The company not only attracted passive candidates and made it easy for them to apply, they presented themselves as an employer-of-choice by focusing on work/life issues. Creative recruiting tools promote a positive user experience while conveying what makes the job and the employer so compelling. To take creativity one step further, a Web-based solution can incorporate a streaming video that talks about the company's culture and what it offers employees in terms of benefits and perks. The message that the company is progressive and dynamic is reinforced once these "interested" passive candidates engage the screening and assessment solution.

Breaking Your Resume Dependency

The core of any creative recruiting strategy for passive candidates is an automated screening and assessment solution that bypasses the need for a resume. While HR has long embraced computerization as a means of streamlining the recruiting process and vetting candidates, most conventional solutions are resume dependent. As a result, they are not well suited to screen passive candidates for a number of reasons.

First, many computerized solutions use "filtering" technology as a screening tool. However, filters use resume key word searches and parsing to turn up matches to the job description. From another perspective, filtering has also proven to be inefficient and ineffective since many qualified candidates are "screened out" because their resumes do not contain the desired keywords.

A relatively new tool, intelligent searching, has taken parsing software to another level-however, this methodology also has some significant drawbacks and inherent problems. In short, intelligent searching matches conceptual and contextual information from a candidate's source document (i.e., a resume or application) to another document (i.e., a requisition or job description). The result is a list indicating which candidates present the closest match by percentage. The primary drawback is that the results are based on the accuracy of the candidate's source document-i.e., resumes, which can be subjective and prone to misrepresentation.
Finally, some computerized solutions are simply "resume builders." They walk candidates through a process that requires them to input information that will construct a resume. The process can be tedious and time-consuming-one that passive candidates are not likely to engage in. Again, the solution is also likely to rely on filtering or parsing to identify potential candidates.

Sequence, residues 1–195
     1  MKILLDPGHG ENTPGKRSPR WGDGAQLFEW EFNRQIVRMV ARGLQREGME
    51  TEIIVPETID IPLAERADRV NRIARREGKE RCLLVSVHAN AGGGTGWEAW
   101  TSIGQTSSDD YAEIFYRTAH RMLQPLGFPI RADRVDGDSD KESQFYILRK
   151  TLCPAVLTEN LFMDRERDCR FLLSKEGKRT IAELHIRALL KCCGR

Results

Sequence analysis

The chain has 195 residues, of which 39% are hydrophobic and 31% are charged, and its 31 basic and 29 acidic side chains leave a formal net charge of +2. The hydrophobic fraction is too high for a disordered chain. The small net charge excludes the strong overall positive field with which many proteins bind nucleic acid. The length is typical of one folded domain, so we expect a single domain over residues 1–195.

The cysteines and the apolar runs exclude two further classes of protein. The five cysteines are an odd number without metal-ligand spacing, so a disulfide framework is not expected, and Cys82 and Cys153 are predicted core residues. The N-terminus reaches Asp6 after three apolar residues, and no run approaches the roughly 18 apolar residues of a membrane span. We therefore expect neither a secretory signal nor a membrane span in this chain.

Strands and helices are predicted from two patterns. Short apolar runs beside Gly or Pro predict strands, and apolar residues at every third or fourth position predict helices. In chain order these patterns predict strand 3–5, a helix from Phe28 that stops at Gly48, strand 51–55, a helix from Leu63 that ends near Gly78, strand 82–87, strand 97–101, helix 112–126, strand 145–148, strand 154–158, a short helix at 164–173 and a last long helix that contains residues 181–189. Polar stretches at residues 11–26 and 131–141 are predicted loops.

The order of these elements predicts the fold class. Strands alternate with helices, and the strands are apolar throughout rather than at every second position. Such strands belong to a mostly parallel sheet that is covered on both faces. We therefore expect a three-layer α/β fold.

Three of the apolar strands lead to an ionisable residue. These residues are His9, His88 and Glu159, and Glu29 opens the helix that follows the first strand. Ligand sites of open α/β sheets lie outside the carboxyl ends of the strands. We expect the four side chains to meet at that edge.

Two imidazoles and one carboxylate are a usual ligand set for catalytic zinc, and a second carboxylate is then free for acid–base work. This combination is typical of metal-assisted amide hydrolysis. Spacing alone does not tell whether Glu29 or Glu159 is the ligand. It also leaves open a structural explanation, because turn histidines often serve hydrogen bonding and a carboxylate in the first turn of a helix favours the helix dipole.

In short, conventional screening processes are largely ineffective because they simply weed out unqualified candidates who do not meet basic criteria, such as education or experience, most often based on information obtained from resumes-which most passive candidates do not have.

How to Reach-and Engage-Passive Candidates

Conventional screening approaches effectively pose a roadblock for passive candidates because they depend on the resume as a point of entry. In many ways, employers are asking candidates to speak through their resumes rather than engage them in direct questioning in a later stage of the interview process. Candidates are often frustrated at the prospect of having to condense all their achievements and skills in two pages while trying to guess what keywords to include.

Advanced technology exists that can engage passive candidates in a two-way conversation without requiring a "career passport." The conversation, which is facilitated by naturalistic Web and phone-enabled technology, provides and solicits information from candidates.

Most important, these solutions account for the passive candidate's experience within the process. At the most basic level, traditional candidate screening involves a review of the candidate's application or resume, a manual prescreen, a phone interview, a face-to-face interview, and perhaps a skills, behavior, or personality assessment. While each stage is interrelated, they are typically conducted separately. From a passive candidate's perspective-indeed any candidate's perspective-this process can be time-consuming, stressful, and inefficient. However, it is even more challenging for passive candidates to deal with a staggered or time-consuming screening process since, by definition, they are doing something other than job hunting. Any inconvenience-no matter how small-may prompt a passive candidate to opt out of the process from frustration. Keep in mind that passive candidates do not have the sense of urgency that active candidates do. Finally, the non-interactive nature of conventional screening processes and an over-reliance on resumes provides passive candidates with little or no opportunity to demonstrate their skills.